Helsinki – the capital of Finland and on the “to travel” list of many wanderlust people. I must admit I always wanted to go, but it was never really high on top; I had no idea what I would see or do, not even what Helsinki is famous for. Well, let me tell you a story of how I came to be €20 away from a day in Helsinki and how Internet and fellow travellers came to my aid.
I was given an opportunity to spend two weeks in Tallinn for a business trip and, while there, I found a return ferry ticket to Helsinki for €20 on the one weekend I had free. As I was working during the daylight, I did not want to spend the whole weekend away from Estonia so I decided on only one day in the capital of Finland and I decided to make it count. I started googling things to do in Helsinki (in a day) and in general what is there to see. After a couple of hours and dozens of articles and posts, I made myself a crude list and a battle plan for the last Saturday of November; I would make this one day trip amazing!!
I took one of the earliest ferries from Tallinn, the 7 o’clock one that got me to Helsinki for about 9 in the morning. The ship was massive, but my enthusiasm for it was quickly extinguished once I got on board – it was a big shopping centre on water; if you wanted to sit at a table you had to buy food, drinks of whatever (of course, overpriced) and the couple of benches they put in quickly got filled up by other travellers. I ended up sitting on the floor in a quieter part of the ship, close to one of the doors leading out to the deck as I wanted to read my book in peace (I was in the middle of rereading the Harry Potter series :D).
Alas, it was not to be; a herd of wild children found it the pinnacle of entertainment to constantly run in and out the doors spending literally 10 seconds on the freezing deck and then back inside. All this was, of course, followed with screaming and shouting. It was 7.30 on a Saturday morning, and the icy Baltic air was swooshing through the door and around my increasingly frozen person sitting on the floor. Moving to another part of the ship did not help as the little brats followed me and continued to fill my trip with the sweet sounds of their people -.-
Getting into the Helsinki bay during the sunrise did give some amazing photo opportunities that were worth braving the freezing (and empty) deck with the north wind whipping my face. Once off the ship, I used their public transport app HSL and got myself a day ticket (adult €9) that can also be used on the ferry to Suomenlinna (otherwise, the return ticket is more than €5), Basically, if you would buy more than 3 single tickets, the day one is worth it; I used it as I only had the one day and wanted to see several things. And it was cold… So cold…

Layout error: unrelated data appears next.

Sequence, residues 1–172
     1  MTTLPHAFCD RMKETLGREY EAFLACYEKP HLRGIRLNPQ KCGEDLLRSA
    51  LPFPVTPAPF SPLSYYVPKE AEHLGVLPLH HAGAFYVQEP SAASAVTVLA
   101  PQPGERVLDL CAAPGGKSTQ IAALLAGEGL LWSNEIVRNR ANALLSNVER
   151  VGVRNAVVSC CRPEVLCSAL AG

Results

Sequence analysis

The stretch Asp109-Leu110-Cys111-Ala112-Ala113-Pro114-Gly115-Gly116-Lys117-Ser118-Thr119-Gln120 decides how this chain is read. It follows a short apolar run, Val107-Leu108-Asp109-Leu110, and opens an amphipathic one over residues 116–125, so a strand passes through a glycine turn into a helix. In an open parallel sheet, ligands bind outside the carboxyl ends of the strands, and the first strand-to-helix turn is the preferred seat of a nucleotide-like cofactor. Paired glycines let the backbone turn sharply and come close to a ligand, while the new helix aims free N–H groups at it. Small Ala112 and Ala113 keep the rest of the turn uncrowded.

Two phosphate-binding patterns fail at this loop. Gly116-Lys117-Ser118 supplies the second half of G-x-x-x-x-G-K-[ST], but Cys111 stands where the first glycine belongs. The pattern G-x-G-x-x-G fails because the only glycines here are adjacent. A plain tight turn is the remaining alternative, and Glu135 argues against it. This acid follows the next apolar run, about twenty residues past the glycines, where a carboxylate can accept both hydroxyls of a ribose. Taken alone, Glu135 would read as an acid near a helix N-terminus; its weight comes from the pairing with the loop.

My “things to do” list for the day looked like this:
- Market Square Kauppatori
- Uspenski Orthodox Cathedral
- Helsinki Senate Square
- Helsinki Cathedral (Tuomiokirkko)
- Esplanadi Park
- Temppeliankio Church – Rock Church
- Rantatientori Metro Station
- Helsinki Station Square
- National Library (unfortunately, closed on weekends)
- try reindeer meat (for your average carnivore)
- Have coffee at the Moomin cafe
It was quite an ambitious list but I did say I was going to make this one day count 😀
First stop was Uspenski Orthodox Cathedral, closest to the ferry port. With its red bricks and golden cupolas, you can’t help but think of Mother Russia and the influence it obviously had on Finland throughout the history. I did not go inside, but looking at photos online, the walls are covered in iconography and the eyes hurt from the amount of gold.
After snapping some photos of the cathedral itself and the view from there (you can see the Helsinki Cathedral) I walked down to the Market Square. There were only a few stalls but they had really nice things to offer. Some looked very traditional and like perfect souvenirs, some could be used in case you had thought that Finnish late autumn is nothing to worry about and hadn’t brought hat/gloves/scarf.
The ferry to Suomenlinna can be taken from the market. Once onboard, sitting outside gives a view, unobstructed by windows or kids glued to the glass, but it does remind you how far up north you are. The whole trip is about 20 minutes.
Suomenlinna (original name Sveaborg) is a sea fortress built over eight islands and it is a UNESCO World Heritage site. It is very popular with tourists, especially in warmer months so if that is when you are visiting, prepare for crowds. I visited end of November with the daylight temperature of -9 Celsius and there were still quite few people on the ferry and the islands themselves.
From wooden houses to several museum (check opening times) and apparently the last surviving Finnish submarine that somehow managed to escape my research until now! the islands are quite lovely to roam around. There are a couple of tiny cafes dotted around where you can grab a hot drink and a quick bite (trust me, you’ll need them in the cold).
If I could redo this trip again, one thing I would do differently is to NOTICE THE ISLAND MAP ONBOARD THE FERRY! There is the map of the Suomenlinna islands on the ferry to help you navigate the islands and see what you can do and where to go. I, however, failed to notice this until my return trip and only then did I realise that I saw only one island. Don’t get me wrong, even that one island took almost an hour; I would not have had that much time for the rest of Helsinki if I did a few more. Nevertheless, it still irks me that I missed so many things on Suomenlinna!